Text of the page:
Dagard, a French company that manufactures insulated enclosures for cold and clean rooms, has been sold to a bank-backed consortium of private investors. The business was a 1998 MBO investment from funds managed by Apax Partners, including Altamir & Cie.
The acquisition has been financed by the private equity arms of IDIA Participations, (a subsidiary of Crédit Agricole), BNP-Paribas Développement and Société Générale Partenaires. Société Générale financed the 1998 transaction and is also the co-arranger of debt in the new deal. The three banks now hold 40 per cent of the company’s equity, management has around 15 per cent and the rest is held by private investors.
Bertrand Pivin, director at Apax, said: “Dagard’s attractive business perspectives have led management and a number of existing shareholders to continue to participate in the group’s future development.” Since the 1998 buyout of the company it has expanded on the Iberian Peninsula and in Latin America, reinforcing its leadership in clean rooms for the pharmaceuticals and electronics rooms. Under Apax’s ownership Dagard’s revenues increased from €70 million a year to approximately €95 million. In June 2001 Apax made a partial exit when 3i backed a €6.6 million MBO of Dagard’s subsidiaries in Spain, Portugal and Brazil, known as Dagard Isosur.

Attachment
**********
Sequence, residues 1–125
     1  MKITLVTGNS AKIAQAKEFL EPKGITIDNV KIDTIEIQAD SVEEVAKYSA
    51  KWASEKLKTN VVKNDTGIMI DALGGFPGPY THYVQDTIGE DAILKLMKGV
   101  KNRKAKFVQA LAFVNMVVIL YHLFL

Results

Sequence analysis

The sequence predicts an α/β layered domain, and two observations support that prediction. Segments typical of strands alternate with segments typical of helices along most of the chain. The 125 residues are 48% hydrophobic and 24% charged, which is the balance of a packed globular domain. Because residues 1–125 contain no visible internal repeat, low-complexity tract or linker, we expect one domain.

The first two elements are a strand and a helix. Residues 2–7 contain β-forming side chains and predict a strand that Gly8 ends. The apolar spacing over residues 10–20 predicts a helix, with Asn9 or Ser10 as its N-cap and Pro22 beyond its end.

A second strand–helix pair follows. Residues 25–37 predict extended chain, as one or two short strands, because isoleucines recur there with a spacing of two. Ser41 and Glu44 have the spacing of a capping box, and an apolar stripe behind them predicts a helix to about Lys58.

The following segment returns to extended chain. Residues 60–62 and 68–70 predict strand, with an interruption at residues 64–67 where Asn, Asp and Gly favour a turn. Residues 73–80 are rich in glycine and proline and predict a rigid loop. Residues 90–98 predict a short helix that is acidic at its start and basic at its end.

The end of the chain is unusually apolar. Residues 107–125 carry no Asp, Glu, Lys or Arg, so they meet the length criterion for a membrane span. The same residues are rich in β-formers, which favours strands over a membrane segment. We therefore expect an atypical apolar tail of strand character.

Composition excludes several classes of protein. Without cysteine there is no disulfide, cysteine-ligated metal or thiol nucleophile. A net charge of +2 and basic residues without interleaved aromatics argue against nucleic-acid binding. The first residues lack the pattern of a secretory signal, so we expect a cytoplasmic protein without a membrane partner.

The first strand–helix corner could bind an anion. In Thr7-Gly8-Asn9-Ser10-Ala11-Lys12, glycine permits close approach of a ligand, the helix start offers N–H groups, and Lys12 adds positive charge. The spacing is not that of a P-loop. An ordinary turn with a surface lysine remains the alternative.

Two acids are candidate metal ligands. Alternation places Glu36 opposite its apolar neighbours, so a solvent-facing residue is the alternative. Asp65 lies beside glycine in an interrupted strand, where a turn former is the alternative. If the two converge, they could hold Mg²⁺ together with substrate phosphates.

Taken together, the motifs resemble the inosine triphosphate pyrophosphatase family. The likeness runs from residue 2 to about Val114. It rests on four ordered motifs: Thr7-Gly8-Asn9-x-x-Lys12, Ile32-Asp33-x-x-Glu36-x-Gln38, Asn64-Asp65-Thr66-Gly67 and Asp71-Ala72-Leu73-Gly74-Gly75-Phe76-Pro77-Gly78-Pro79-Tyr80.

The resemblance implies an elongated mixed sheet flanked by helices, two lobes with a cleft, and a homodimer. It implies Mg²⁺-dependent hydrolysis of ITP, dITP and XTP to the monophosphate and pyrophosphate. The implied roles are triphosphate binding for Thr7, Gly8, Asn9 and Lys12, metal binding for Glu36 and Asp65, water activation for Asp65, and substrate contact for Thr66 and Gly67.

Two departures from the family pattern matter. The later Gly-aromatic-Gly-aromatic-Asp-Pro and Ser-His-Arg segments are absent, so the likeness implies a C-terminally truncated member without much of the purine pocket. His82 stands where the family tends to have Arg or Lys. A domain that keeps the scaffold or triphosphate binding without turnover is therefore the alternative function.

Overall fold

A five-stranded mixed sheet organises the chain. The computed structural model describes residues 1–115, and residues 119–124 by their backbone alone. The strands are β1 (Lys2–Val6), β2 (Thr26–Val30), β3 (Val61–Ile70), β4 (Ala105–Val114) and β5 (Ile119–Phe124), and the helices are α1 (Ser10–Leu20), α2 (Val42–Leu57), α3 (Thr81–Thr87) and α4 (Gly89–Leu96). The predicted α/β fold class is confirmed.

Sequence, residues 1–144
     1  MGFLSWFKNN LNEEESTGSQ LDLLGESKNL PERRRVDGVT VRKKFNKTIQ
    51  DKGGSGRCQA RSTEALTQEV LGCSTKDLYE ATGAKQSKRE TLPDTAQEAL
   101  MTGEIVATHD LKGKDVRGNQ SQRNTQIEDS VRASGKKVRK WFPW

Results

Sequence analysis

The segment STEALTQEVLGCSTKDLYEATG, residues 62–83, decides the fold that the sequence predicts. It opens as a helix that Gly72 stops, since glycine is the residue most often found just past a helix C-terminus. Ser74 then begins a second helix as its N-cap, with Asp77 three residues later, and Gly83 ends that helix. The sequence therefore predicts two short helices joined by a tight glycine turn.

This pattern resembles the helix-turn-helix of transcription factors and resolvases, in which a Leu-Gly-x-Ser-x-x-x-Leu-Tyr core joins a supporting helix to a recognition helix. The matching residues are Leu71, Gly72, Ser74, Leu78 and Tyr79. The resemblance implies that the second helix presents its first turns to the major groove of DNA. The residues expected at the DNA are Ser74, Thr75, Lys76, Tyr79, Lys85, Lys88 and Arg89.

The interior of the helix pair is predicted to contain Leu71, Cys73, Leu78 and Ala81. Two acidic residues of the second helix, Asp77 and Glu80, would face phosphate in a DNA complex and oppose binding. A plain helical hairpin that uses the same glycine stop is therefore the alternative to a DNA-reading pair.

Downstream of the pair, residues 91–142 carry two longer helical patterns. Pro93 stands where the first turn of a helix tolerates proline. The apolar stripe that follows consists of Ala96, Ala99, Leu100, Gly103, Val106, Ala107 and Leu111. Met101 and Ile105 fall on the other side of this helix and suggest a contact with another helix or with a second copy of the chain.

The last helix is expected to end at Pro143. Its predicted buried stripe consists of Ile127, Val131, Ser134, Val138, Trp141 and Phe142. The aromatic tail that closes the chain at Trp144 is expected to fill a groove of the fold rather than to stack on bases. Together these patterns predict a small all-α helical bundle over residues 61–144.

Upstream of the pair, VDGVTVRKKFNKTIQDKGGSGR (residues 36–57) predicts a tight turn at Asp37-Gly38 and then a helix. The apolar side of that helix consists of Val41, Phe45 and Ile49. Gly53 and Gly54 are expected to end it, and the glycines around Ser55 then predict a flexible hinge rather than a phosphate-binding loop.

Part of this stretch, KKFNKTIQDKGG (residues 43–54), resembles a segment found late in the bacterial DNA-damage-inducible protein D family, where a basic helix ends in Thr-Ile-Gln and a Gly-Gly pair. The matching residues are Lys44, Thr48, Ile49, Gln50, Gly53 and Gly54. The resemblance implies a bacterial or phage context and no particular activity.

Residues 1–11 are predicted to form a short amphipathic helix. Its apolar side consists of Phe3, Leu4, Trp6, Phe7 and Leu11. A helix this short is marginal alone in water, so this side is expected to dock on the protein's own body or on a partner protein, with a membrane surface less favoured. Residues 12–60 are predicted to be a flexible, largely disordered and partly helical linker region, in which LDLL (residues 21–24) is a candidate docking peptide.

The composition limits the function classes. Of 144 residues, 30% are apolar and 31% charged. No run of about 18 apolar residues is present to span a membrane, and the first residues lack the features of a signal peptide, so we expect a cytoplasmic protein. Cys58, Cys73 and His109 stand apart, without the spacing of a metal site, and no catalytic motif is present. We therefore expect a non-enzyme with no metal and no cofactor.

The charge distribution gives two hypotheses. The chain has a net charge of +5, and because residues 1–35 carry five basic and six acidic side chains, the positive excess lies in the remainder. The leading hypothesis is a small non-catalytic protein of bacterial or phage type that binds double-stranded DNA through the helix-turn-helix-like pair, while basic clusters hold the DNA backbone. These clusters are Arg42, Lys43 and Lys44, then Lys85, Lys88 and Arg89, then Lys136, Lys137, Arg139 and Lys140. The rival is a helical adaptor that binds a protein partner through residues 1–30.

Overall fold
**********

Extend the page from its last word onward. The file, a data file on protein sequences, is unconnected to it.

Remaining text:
Dagard is a fifty-year old company based in Boussac, central France, and has a staff of 400. It was held by private investors prior to the 1998 buyout and was previously a subsidiary of aerospace and defence specialist Thales. It designs, manufactures and markets insulation panels for modular cold rooms and isothermal units and sterile enclosures for clean rooms and controlled environments. The company produces 1 million square metres of panels and more than 20,000 doors every year. Customers include Coca-Cola, McDonalds, Holiday-Inn, Marks & Spencer, Peugeot Formula 1, Motorola, Alcatel, IBM, Novartis, Siemens, Hewlett Packard and Neufchatel University.